Kenyan farmers will begin planting genetically modified (GM) maize seeds early next year following the government’s recent lifting of a 10-year ban on the cultivation of GM crops, according to a BBC report.

The drought-resistant seeds were expected to be planted on 202,342ha (500,000 acres) of land, the country’s agricultural authority was quoted as saying.

In October, the government lifted its ban on the cultivation of GM crops, as well as the import food and animal feeds produced through genetic modification, such as white GM corn, the 9 November report said.

Grown in 90% of all Kenyan farms, corn is a staple food in the country and is used to prepare a popular dish ugali, or maize meal.

Following four consecutive failed rainy seasons, Kenya is facing a severe water shortage amid one of the harshest droughts the East African region has faced in four decades. This meant crops were not able to grow, prompting warnings of potential famine, the report said.

However, as the country prepared to commercialise GM crops, there was resistance from some farmers and campaign groups, who questioned their safety, the BBC wrote.

A survey conducted last year by non-governmental organisation Route to Food Initiative showed that 57% of Kenyans did not welcome GM crops.

Supporters of the lifting of the ban on GM crops said the move was prompted by the need to ensure food security and to safeguard the environment.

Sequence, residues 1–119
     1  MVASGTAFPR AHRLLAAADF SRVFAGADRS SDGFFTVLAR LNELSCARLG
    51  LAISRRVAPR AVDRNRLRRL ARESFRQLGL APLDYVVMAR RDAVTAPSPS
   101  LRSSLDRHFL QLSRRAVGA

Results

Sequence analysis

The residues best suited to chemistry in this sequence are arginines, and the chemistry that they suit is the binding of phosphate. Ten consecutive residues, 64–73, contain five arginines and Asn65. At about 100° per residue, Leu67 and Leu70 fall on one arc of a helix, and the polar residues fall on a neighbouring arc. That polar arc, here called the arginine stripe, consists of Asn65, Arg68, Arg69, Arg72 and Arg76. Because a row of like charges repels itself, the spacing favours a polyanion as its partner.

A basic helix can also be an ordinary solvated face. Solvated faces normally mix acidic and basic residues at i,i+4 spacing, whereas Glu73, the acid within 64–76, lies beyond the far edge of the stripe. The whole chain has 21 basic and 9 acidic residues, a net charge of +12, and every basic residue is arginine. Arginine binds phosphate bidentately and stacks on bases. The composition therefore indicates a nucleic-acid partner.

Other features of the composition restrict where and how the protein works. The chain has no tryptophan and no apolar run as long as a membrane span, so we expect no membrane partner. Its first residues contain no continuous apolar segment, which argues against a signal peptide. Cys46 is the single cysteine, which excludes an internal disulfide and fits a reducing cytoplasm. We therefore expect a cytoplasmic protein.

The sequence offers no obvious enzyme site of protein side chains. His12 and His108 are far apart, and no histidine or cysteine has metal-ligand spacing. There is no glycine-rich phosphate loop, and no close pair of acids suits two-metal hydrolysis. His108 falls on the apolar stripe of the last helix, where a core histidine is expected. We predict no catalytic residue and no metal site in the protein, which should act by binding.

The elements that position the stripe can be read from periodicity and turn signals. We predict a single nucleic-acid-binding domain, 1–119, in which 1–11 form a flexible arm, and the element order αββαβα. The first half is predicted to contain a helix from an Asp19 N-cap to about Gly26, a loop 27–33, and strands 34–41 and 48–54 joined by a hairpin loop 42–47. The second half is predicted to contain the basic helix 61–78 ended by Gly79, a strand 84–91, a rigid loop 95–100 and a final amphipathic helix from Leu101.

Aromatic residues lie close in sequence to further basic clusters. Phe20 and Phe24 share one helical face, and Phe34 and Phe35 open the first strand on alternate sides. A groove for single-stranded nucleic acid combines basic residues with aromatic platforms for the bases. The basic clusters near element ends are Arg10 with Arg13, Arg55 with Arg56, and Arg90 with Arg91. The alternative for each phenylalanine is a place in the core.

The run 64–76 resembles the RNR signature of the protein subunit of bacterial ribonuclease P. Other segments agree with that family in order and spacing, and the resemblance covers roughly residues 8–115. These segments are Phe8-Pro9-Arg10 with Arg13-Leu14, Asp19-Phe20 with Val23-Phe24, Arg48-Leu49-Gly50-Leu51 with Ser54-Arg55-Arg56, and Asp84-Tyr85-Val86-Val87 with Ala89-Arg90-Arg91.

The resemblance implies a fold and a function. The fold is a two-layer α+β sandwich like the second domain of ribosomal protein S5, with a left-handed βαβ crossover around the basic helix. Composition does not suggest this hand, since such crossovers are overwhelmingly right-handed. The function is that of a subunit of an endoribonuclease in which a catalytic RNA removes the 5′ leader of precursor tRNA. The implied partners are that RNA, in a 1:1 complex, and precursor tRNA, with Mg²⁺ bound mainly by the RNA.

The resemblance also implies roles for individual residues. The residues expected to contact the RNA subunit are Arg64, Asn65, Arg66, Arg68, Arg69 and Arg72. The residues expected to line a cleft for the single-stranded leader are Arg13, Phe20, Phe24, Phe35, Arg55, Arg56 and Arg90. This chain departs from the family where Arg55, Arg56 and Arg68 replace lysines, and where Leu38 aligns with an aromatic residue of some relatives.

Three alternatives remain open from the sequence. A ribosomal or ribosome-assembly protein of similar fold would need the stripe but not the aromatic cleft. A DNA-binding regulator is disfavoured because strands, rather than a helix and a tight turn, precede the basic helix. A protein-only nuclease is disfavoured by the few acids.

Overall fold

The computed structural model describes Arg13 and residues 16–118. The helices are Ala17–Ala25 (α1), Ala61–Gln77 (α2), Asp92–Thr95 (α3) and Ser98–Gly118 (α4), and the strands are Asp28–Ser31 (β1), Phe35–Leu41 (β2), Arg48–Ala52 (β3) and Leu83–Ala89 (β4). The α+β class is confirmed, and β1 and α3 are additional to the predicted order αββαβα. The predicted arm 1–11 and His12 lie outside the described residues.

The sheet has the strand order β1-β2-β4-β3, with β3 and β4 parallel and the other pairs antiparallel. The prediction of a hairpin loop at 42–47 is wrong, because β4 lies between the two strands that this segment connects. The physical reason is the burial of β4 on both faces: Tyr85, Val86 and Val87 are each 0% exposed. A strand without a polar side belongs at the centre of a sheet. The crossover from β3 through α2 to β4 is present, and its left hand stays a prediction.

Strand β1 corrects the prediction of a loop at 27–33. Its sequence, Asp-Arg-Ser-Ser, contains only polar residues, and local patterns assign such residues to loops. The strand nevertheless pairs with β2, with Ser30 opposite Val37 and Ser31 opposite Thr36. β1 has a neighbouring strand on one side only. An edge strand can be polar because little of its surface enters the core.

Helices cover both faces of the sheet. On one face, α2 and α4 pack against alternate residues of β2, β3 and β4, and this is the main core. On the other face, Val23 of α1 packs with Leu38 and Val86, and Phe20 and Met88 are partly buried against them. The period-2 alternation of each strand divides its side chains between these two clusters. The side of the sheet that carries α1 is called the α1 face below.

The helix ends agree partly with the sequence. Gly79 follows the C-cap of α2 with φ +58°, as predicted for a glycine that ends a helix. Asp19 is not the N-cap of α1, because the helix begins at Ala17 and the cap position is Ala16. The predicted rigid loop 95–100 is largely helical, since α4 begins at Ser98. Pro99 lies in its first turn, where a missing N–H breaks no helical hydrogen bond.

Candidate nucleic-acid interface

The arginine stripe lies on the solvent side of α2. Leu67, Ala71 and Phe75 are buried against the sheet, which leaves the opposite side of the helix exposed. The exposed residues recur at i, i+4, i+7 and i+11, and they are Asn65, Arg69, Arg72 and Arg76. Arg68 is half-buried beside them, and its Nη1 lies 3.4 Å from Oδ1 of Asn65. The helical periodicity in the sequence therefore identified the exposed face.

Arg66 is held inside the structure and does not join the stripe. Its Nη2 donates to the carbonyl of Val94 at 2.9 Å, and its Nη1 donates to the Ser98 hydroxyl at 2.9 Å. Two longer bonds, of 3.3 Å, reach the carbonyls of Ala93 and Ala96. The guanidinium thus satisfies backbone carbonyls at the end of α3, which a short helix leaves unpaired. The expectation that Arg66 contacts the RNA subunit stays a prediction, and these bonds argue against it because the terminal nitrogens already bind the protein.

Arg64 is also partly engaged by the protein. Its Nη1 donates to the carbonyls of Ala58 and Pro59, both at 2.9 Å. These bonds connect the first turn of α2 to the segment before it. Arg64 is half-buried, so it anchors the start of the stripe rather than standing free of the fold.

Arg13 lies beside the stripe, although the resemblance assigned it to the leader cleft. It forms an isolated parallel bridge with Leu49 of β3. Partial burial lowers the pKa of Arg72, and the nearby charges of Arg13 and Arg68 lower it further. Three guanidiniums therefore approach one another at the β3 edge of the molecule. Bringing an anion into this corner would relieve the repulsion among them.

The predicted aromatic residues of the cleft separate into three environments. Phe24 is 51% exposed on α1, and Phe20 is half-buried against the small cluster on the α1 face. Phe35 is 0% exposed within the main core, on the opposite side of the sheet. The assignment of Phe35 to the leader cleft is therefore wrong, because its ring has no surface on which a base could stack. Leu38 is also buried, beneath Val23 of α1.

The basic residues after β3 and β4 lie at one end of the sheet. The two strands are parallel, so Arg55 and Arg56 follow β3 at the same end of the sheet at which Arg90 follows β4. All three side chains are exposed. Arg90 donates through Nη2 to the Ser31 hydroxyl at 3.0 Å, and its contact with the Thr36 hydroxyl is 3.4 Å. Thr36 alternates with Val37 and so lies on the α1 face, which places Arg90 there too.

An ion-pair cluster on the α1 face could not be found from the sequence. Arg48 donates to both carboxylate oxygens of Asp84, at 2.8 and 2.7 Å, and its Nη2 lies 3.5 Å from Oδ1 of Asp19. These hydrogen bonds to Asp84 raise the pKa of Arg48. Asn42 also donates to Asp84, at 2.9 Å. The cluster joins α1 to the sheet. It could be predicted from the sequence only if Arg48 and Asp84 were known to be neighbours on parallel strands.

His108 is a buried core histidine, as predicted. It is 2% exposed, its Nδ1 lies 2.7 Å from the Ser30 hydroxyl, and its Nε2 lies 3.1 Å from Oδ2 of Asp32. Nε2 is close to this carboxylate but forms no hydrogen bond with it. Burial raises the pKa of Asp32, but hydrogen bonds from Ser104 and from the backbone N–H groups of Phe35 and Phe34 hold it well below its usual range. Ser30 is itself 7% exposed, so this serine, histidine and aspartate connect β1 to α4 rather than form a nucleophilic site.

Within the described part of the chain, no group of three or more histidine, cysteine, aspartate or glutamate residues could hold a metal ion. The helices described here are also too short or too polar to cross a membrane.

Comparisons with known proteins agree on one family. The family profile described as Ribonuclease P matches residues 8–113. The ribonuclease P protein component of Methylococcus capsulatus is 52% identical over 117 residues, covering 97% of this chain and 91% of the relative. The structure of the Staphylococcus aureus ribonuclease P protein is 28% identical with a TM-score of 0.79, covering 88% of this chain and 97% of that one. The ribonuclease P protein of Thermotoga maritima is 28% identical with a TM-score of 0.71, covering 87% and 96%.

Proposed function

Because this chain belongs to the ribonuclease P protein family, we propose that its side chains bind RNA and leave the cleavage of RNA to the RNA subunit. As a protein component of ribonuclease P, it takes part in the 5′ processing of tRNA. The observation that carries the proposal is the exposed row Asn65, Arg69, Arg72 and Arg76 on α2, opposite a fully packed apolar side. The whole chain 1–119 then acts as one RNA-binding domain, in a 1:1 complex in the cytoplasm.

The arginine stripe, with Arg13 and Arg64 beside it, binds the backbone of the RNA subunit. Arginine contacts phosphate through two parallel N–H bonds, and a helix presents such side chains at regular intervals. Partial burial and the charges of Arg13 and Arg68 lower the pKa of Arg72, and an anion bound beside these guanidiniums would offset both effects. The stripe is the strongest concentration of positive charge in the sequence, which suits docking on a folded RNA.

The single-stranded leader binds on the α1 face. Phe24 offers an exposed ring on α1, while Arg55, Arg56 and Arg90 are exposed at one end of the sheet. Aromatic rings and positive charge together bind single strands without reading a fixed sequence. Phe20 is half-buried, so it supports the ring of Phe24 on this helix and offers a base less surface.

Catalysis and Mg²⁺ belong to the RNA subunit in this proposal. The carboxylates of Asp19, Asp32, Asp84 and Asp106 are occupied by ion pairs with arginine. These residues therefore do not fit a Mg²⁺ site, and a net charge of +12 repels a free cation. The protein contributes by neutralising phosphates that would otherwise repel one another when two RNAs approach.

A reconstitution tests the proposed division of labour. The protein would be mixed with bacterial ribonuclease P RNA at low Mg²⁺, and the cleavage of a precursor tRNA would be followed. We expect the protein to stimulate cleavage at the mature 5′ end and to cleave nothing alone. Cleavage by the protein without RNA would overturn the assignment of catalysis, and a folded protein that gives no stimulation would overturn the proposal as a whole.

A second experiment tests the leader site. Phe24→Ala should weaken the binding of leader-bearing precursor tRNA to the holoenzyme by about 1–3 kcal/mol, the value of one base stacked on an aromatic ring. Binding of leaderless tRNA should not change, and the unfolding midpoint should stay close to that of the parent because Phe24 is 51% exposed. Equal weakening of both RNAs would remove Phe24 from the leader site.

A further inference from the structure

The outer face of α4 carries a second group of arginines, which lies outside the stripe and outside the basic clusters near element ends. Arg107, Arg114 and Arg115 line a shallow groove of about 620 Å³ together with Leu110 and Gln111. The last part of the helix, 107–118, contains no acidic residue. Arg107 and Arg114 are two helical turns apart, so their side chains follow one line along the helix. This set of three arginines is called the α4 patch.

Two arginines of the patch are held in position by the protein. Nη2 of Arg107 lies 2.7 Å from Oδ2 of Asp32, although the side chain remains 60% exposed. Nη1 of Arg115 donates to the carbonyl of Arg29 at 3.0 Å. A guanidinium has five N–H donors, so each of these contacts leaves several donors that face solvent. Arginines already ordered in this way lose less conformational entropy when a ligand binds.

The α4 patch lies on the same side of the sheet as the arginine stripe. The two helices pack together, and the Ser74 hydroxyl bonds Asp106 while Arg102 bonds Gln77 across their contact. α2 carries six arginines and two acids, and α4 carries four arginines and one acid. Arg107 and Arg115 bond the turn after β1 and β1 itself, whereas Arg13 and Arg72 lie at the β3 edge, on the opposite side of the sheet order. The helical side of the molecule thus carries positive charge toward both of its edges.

“Climate change, the severity of drought and the emergence of new pests such as fall armyworms and maize stalk borer, and diseases such as maize lethal necrosis pose a real threat to food, [cattle] feed and nutritional security,” Dr Eliud Kireger, director general of the Kenya Agricultural and Livestock Research Organization, was quoted as saying.

A state agency handling the general supervision and control of the transfer, handling and use of GM crops said the corn varieties had undergone clinical trials and had passed safety assessments.

“We checked all parameters of safety within international standards and the experience over the last 26 years shows that there hasn’t been any credible report on the effects on human health, animal health and environment,” Dr Roy Muriiga, head of the National Biosafety Authority, was quoted as saying.

Kenya is the eighth country in Africa to approve the use of GM crops, according to the report, and globally they are approved for cultivation in 70 countries around the world to date.